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Your capacity for investment risk is not age dependent

To determine an appropriate asset allocation target for clients, financial planners assess the following risks:

A client’s appetite or attitude to risk – sometimes called “risk tolerance”;

Their need for risk i.e. what level of risk they need to take to give them the best chance of achieving their objectives; and

Their capacity for risk i.e. their ability to recover from adverse investment outcomes.

Here we’ll explore the concept of “capacity for risk” in more depth. Most people, including most financial planners, tend to correlate capacity for risk with age. It’s based on the premise that the older you are the less time you have to recover from poor investment markets, implying the need for more defensive investment portfolios.

Our view is that age is not the primary indicator of your capacity for investment risk. Rather, it is how much you expect to add to or draw down on your existing investment wealth. Age may be irrelevant.

Expected future savings drive investment risk capacity

To make the discussion clearer, let’s consider three 45 year olds, John, James and Jeff. All are currently spending $160,000 p.a. in today’s dollars and wish to do so for the rest of their lives. They all intend to retire at age 65 with a balanced 50% defensive assets / 50% growth assets investment portfolio. But their current future savings and net investment wealth positions are significantly different:

John currently has no net investment wealth but expects to be able to save an average of $192,500 p.a. (in today’s dollars) for the next 20 years to age 65. His expected future savings of $3.85 million are therefore equal to what we call his projected lifetime investment wealth (i.e. his wealth at age 65, assuming after-inflation investment returns are zero);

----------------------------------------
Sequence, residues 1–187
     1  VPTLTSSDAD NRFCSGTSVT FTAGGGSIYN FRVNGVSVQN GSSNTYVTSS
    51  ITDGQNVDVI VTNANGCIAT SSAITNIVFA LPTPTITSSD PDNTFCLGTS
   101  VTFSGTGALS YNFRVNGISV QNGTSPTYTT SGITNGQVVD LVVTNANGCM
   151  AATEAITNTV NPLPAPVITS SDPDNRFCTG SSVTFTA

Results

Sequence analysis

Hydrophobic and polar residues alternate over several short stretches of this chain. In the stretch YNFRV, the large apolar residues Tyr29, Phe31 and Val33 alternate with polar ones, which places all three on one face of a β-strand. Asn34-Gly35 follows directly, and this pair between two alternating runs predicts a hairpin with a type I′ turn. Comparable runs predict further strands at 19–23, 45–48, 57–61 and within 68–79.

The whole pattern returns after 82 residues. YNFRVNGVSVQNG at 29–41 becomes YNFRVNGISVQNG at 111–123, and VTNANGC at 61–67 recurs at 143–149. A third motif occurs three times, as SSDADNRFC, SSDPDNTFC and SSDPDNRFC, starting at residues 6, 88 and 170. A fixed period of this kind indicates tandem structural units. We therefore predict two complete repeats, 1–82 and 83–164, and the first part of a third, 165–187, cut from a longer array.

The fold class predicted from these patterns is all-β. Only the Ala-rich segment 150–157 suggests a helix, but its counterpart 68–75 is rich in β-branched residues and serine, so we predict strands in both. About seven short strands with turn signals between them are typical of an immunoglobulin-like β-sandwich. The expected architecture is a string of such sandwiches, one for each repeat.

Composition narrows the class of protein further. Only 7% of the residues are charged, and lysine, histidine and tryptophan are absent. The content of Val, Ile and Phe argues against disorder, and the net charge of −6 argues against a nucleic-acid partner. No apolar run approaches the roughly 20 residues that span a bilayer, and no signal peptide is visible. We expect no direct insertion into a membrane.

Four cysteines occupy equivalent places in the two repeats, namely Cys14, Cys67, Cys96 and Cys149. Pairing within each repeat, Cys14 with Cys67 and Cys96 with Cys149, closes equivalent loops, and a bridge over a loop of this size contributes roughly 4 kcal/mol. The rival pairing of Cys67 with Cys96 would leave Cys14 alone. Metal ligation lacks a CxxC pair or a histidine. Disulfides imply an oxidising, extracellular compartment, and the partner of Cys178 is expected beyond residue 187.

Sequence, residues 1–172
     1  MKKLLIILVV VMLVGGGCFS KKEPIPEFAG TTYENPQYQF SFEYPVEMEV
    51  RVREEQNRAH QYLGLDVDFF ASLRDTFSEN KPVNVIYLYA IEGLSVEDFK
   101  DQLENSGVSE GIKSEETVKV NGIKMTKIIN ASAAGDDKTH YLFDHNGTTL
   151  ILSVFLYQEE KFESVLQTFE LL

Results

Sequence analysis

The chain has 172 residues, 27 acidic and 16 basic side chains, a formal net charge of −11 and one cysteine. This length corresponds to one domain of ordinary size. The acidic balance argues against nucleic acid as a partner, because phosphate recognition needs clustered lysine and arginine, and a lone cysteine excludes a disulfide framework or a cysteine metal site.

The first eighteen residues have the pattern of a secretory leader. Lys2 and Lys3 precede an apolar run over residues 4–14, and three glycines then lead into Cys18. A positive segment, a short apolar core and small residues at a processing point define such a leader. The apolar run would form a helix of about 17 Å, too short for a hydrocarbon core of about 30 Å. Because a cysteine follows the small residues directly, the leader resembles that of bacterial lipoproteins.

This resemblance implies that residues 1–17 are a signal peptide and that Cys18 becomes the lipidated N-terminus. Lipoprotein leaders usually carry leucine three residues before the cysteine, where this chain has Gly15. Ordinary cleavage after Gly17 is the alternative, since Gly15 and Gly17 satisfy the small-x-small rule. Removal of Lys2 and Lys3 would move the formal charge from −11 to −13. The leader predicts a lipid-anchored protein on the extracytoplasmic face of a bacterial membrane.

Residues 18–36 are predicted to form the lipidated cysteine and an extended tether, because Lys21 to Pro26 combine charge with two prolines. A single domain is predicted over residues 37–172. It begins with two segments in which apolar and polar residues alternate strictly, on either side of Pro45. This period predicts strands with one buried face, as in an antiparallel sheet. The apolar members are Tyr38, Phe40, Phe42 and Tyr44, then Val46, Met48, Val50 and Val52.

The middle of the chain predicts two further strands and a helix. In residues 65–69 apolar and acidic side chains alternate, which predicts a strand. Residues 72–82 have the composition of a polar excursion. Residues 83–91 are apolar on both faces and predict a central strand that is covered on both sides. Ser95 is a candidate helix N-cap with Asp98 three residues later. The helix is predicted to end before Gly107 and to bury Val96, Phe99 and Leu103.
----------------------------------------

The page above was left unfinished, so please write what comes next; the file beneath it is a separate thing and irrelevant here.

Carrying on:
James does not expect to save anything from earnings over the next 20 years i.e. his future savings are estimated at zero. But he currently has net investment wealth of $2.7 million, equally split between defensive and growth assets; and

Jeff is doing voluntary work and drawing down on existing net investment wealth to fund his spending of $160,000 p.a.. His future expected savings to retirement are therefore actually negative, to the tune of $3.2 million over the next 20 years. He hopes his current net investment wealth of $4.0 million, also equally split between defensive and growth assets, will enable him to meet his desired lifetime spending.

The table below summarises the above information:

45 – Year Old (1)Future Savings
(2)Net Investment Wealth
(3)=(1)+(2)Projected Lifetime
(4)=(1)/(3)Risk Capacity
John 3.85 0.0 3.85 100
James 0.0 2.7 2.7 0
Jeff -3.2 4.0 0.8 -400

The “Risk Capacity” measure shown as Column (4) of the table is simply future savings divided by Projected Lifetime Investment Wealth. As we’ll demonstrate graphically below, the more positive the number, the greater the assessed investment risk capacity. John’s assessed risk capacity is high, James’ is zero and Jeff’s is very low, yet they are all the same age.

All the figures discussed above have been carefully chosen. Based on some reasonable assumptions [1.] regarding investment returns for defensive and growth assets, and assuming those returns do not change from year to year (i.e. no investment return volatility), the figures result in essentially the same long term wealth projections beyond age 65 for each of our 45 year olds, as shown in the charts below: